It’s amazing to see how one individual can bring an entire market segment to its knees by raising questions about the very fabric on which the solutions are built. As they say, “Caesar’s wife must be above suspicion.” Snowden’s exposure of the National Security Agency (NSA) surveillance programs PRISM and XKeyscore are very scary. This has made companies rethink their business and solution delivery strategy going forward. In recent years, many companies have had a “CloudFirst” strategy; now I’m hearing “ConfusionFirst” from them.
The Snowden incident, and the new fiasco of RSA and NSA backdoor deals, didn’t create a conducive environment for cloud-based businesses to gain the lost trust. Such programs are causing uneasiness among the companies using cloud providers (U.S. providers, in particular). Obviously, localization of data storage and processing can ease the burden on companies as they will be limited to worrying about just the hackers and not about powerful government agencies. Check out my article on VentureBeat about how localization of processing can help with this issue: http://venturebeat.com/2013/10/02/location-specific-privacy/.
Just because a particular cloud provider hasn’t yet been accused, or found guilty of violating a particular country’s data residency or privacy laws, doesn’t mean data isn’t being moved across country borders. On the contrary, it may only mean they haven’t yet been caught.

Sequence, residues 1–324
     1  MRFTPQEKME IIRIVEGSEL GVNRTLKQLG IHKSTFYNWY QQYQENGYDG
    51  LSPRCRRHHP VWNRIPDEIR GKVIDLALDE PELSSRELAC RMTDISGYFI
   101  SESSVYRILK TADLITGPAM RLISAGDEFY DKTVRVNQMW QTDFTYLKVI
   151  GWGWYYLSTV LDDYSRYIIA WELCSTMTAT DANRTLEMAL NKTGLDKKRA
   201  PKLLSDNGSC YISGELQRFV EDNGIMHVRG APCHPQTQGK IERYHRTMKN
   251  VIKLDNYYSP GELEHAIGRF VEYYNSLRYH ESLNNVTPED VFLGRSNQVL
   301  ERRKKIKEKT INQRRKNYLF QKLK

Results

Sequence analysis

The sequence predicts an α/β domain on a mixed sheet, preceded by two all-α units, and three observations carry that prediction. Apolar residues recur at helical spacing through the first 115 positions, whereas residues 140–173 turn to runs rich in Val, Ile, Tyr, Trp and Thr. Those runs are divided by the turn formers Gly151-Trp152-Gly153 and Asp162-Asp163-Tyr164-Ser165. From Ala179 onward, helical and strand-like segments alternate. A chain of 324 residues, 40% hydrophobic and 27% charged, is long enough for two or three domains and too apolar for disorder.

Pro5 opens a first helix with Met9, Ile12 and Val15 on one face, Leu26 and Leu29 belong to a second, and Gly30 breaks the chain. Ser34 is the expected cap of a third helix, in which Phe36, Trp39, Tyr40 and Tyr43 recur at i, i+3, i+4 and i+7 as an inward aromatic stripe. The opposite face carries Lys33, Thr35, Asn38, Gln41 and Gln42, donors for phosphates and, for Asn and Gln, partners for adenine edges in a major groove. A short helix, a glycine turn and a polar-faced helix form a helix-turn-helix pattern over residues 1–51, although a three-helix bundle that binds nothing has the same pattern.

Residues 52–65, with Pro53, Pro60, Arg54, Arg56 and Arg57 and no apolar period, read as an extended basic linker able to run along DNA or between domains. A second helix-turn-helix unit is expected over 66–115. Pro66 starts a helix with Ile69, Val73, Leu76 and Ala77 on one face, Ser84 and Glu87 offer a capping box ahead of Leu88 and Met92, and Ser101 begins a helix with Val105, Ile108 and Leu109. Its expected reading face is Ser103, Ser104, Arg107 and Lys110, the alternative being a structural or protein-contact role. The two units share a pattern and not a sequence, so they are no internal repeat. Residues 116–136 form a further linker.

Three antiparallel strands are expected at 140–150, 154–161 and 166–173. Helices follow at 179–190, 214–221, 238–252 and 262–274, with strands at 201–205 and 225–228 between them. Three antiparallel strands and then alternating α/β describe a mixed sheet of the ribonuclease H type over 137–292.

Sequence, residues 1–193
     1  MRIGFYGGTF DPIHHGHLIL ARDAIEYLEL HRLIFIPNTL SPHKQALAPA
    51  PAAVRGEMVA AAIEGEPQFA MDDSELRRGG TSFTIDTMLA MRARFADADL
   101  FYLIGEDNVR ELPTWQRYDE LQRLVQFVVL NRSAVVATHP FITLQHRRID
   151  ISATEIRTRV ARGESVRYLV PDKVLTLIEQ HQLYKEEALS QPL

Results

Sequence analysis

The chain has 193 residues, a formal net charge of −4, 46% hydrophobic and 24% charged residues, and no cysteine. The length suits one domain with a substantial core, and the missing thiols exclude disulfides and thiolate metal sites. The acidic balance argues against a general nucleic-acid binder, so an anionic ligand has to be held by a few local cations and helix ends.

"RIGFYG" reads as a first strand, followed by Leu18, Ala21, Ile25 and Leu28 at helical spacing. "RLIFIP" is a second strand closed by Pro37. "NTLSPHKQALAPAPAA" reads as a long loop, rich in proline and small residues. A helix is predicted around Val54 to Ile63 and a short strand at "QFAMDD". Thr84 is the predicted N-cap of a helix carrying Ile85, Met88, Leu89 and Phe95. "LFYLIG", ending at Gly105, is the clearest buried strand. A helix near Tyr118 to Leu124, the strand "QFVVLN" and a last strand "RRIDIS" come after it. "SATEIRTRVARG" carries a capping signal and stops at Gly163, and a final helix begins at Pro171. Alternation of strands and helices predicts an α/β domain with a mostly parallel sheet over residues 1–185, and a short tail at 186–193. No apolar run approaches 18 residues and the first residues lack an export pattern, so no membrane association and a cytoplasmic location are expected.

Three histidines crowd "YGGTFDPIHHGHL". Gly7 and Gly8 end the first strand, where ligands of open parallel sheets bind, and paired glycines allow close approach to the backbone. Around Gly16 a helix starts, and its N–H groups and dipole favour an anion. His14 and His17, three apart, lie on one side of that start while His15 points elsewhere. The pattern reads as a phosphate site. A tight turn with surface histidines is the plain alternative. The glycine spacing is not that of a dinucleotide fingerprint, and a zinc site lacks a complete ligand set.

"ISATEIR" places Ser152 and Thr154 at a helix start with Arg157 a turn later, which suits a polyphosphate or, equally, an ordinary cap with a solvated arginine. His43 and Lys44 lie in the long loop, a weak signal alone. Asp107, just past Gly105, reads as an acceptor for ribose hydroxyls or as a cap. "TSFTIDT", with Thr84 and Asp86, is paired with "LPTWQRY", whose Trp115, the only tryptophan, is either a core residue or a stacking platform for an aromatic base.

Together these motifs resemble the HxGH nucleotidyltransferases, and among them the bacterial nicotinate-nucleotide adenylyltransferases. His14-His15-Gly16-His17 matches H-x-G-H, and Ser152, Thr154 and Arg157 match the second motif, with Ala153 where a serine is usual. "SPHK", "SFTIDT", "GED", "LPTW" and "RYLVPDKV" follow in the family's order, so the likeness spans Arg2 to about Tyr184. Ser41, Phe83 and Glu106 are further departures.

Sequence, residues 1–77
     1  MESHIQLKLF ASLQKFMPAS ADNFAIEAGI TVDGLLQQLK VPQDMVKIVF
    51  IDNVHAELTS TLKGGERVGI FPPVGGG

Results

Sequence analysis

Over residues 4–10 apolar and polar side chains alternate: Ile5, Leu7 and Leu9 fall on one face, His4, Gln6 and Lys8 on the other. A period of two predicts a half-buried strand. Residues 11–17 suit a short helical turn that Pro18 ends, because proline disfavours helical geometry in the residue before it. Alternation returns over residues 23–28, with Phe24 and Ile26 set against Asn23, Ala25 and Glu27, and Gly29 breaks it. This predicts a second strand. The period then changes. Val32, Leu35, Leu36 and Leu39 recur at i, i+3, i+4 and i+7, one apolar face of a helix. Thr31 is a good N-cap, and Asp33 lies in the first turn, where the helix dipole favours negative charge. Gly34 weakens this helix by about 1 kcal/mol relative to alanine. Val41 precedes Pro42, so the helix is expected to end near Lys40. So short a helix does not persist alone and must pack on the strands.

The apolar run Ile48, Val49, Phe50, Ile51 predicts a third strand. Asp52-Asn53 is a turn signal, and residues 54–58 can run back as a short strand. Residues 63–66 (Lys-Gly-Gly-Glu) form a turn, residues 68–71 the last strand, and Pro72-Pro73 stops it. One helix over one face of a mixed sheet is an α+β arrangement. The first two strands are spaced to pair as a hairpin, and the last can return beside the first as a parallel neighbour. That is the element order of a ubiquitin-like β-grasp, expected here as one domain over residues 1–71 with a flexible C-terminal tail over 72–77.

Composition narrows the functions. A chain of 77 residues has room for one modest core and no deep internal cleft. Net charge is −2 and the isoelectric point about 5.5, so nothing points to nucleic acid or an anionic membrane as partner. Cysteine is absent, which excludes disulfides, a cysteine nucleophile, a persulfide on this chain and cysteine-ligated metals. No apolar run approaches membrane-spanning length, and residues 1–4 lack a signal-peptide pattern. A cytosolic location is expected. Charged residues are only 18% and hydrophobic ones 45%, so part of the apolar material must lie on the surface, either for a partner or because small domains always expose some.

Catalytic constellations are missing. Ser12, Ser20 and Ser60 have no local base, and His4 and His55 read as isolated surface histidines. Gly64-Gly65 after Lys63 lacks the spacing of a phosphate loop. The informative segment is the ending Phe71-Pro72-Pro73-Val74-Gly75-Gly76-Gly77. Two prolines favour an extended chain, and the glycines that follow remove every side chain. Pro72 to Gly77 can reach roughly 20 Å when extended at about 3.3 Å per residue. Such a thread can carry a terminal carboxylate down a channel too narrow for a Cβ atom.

Unfortunately, the cloud community spent years building their reputation, which is lost in a matter of years (or in a few months since the fiasco). Now you add an element of more powerful governments to the list that, based on rumors, have a backdoor mechanism to weaken the algorithms. So just encrypting the information based on someone else’s solution may not be 100 percent foolproof either.
Foreign governments aren’t only skeptical about privacy and protection of their citizens when the data is sent to other countries, but they’re angry, too. They want to penalize the companies that are setting themselves up for such situations. For example, Germany has set data protection laws across the European Union, with sanctions for U.S. firms that violate them (see www.industryweek.com/public-policy/germany-demands-sanctions-us-firms-over-privacy-0).
Though the intent might be good, the goals and net effect of such actions might be dubious at best. The cost associated with sanctioning cloud providers coupled with damage to the brands’ reputations is far greater than any benefit that might be derived from the compensation obtained.
There are reports suggesting that the U.S. cloud computing industry could lose as much as $35 billion over the next three years (see www.itif.org/publications/how-much-will-prism-cost-us-cloud-computing-industry). A recent Cloud Security Alliance (CSA) survey provides an early indication of this (see https://cloudsecurityalliance.org/download/government-access-to-information-survey-results/). About half of the survey’s non-U.S. participants say they’re going to move away from U.S. clouds. To where exactly? Is that really going to be better for them or more like the proverbial “frying pan to the fire”?